February 14, 2014

Summary of February 11, 2014 conference report for civil cases

The following is our summary of the Supreme Court’s actions on petitions for review in civil cases from the Court’s conference on Tuesday, February 11, 2014.  The summary includes those civil cases in which (1) review has been granted, (2) review has been denied but one or more justices has voted for review, or (3) the Court has ordered depublished an opinion of the Court of Appeal.

Review Granted

In re Brianna M., S214955—Review Granted—February 11, 2014

This case presents the following issue: If one man seeking presumptive father status in a dependency action has completed a voluntary declaration of paternity under Family Code section 7573, and another man seeking presumptive father status has satisfied the criteria of Family Code section 7611, subdivision (d), is the voluntary declaration of paternity controlling as a matter of law?

The biological father of an eight-year-old girl and the man who had raised the girl since she was an infant each sought presumptive father status at a dependency hearing. Both men arguably met the statutory criteria for presumptive father status: the biological father had executed a voluntary declaration of paternity when the girl was born, and the man who had raised the girl had a “presumption” of paternity because he had “receive[d] the child into his home and openly [held] out the child as his natural child.” The juvenile court granted presumptive father status to the man who had raised the girl because he had a well-established parental relationship with her, while the biological father did not.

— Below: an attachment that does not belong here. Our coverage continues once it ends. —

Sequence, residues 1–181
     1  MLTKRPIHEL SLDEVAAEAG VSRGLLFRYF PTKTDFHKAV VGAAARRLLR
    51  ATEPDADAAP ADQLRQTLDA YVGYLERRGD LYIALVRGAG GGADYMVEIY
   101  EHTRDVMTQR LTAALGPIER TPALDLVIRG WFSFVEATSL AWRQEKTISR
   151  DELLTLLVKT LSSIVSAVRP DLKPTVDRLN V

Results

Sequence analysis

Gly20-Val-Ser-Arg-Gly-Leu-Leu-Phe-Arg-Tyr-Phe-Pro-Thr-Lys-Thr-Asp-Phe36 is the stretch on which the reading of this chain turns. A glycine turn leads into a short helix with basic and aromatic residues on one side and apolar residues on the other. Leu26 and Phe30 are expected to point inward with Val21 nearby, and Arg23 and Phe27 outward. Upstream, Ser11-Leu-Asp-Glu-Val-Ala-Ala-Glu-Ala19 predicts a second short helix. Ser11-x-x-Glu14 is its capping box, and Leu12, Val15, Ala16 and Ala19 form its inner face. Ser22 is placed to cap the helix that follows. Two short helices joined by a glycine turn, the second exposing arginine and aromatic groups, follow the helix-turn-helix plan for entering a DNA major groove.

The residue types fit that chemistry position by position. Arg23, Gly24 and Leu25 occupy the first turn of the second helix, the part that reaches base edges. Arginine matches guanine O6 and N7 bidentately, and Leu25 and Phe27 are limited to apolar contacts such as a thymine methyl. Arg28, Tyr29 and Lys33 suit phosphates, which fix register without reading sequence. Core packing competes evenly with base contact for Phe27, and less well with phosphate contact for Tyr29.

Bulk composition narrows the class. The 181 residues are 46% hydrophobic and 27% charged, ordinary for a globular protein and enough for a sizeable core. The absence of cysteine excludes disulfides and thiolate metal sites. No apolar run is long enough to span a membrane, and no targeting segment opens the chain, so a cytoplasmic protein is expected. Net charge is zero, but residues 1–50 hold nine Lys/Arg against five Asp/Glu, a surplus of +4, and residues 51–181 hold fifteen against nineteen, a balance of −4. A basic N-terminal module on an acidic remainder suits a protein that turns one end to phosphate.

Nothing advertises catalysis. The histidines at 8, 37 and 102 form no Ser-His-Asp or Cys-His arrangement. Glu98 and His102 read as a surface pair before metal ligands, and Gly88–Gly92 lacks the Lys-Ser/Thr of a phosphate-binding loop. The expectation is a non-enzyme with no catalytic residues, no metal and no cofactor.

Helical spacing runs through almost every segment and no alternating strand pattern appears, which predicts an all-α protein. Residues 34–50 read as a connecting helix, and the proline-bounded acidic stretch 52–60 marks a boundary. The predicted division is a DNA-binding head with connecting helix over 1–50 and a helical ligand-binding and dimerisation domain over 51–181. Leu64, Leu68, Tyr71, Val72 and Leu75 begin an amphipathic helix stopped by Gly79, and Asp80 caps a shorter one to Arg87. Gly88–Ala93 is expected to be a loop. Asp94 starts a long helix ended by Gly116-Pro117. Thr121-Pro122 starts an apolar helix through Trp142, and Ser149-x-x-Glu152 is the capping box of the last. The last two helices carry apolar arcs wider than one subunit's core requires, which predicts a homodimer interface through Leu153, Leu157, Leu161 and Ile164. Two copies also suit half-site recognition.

In an opinion certified for publication, In re Brianna M. (2013) 220 Cal.App.4th 1025, the Court of Appeal, Second District, Division Four, affirmed, holding that, “for dependency purposes, a voluntary declaration of paternity executed by one man does not, as a matter of law, extinguish another man’s presumed father status.”

Marriage of Davis, S215050—Review Granted—February 11, 2014

The Court limited review to the following issue: For the purpose of establishing the date of separation under Family Code section 771, may a couple be “living separate and apart” when they reside in the same residence?

In a published decision, In re Marriage of Davis (2013) 220 Cal.App.4th 1109, the Court of Appeal, First District, Division One, held that a couple living in the same residence may be “living separate and apart” for purposes of establishing the date of separation under Family Code section 771. In so ruling, the court disagreed with the majority in In re Marriage of Norviel (2002) 102 Cal.App.4th 1152, that “living apart physically is an indispensable threshold requirement to separation.” Rather the court held it proper to use the two part test for legal separation requiring: (1) “a parting of the ways and have no present intention of  resuming the marital relations,” and (2) “conduct evidencing a complete and final break in the marital relationship.” The Court of Appeal affirmed the lower court’s holding that the two part test was met.

State Department of State Hospitals v. Superior Court, S215132—Review Granted —February 11, 2014